President Donald Trump’s border wall probably will require installating hundreds of storm gates to prevent flash floods from undermining or knocking it over, gates that must be left open for months every summer during “monsoon season” in the desert, say border officials, agents and engineers familiar with the plans, the Washington Post reports. The open, unmanned gates in remote areas already have allowed for the easy entry of smugglers and migrants into the U.S. At locations along the southern border where such gates already are in operation, Border Patrol agents must manually raise them every year before the arrival of the summer thunderstorms that convert riverbeds into raging torrents that carry massive amounts of water and debris, including sediment, rocks, tree limbs and vegetation.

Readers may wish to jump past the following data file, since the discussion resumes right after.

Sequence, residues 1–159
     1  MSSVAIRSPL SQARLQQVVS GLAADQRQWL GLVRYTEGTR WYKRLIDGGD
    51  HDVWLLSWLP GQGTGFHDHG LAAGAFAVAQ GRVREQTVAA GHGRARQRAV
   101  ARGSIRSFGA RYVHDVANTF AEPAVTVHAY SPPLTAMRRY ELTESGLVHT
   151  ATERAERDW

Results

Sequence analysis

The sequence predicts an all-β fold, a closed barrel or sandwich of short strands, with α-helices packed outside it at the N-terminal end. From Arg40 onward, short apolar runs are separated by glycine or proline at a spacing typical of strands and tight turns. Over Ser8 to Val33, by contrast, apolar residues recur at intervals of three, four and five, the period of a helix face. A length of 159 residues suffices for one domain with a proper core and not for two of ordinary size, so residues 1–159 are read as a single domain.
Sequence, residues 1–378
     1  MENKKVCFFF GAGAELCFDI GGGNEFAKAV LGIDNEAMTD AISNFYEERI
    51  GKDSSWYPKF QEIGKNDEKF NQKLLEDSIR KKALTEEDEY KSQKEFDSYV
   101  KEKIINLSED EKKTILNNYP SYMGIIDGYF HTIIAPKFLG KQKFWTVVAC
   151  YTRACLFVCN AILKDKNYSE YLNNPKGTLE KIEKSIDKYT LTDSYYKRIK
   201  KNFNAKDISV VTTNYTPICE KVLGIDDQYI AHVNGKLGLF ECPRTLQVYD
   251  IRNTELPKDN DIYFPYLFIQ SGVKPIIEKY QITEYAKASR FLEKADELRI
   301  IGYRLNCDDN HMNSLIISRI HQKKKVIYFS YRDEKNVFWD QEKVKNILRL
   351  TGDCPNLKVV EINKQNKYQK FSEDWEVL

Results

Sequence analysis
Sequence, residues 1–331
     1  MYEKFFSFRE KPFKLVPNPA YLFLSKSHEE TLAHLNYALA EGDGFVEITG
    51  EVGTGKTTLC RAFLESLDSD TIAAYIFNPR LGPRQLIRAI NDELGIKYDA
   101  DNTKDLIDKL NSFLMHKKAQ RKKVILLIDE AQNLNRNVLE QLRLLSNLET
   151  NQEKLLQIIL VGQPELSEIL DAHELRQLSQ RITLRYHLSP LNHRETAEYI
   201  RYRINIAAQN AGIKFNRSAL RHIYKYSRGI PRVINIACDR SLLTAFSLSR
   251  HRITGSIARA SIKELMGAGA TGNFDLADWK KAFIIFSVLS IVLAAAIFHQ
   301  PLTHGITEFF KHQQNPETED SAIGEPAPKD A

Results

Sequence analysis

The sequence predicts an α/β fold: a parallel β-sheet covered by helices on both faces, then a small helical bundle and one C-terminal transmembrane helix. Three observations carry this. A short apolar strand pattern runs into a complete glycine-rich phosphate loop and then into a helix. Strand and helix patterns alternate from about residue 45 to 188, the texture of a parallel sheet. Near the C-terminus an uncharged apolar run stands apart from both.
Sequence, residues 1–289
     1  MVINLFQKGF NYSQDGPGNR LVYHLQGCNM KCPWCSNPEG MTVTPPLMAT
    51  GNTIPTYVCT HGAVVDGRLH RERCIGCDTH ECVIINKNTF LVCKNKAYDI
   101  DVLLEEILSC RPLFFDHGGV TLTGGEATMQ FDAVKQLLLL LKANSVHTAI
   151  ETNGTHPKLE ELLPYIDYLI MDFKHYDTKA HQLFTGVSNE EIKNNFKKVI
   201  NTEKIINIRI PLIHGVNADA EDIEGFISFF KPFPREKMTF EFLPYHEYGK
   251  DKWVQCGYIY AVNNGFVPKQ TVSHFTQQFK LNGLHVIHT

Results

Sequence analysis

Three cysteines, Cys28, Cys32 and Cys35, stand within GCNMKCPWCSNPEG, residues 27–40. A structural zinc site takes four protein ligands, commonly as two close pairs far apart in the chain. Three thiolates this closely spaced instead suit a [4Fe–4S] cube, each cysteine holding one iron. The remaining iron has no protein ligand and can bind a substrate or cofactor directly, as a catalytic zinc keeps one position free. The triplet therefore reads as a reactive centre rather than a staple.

Trump’s wall, which features 30-foot metal bollards four inches apart, effectively acts as a sewer grate that traps debris; when clogged, the barriers cannot withstand the power of the runoff. Because the gates typically are in isolated areas that lack electricity, they cannot be operated from afar. That requires the Border Patrol to leave the gates open for months, increasing the need for agents to monitor the sites because smugglers and other border-crossers can enter through the gaps and advance north following stream channels and narrow canyons to avoid detection. The flooding risks are one of the biggest engineering challenges to the wall idea. The Trump administration has said little about how it plans to manage the hydrology of the border region. Smugglers have learned how to cut through the new steel bollards using tools they can buy at hardware stores, and some have demonstrated that the wall can be climbed with handmade ladders and rope.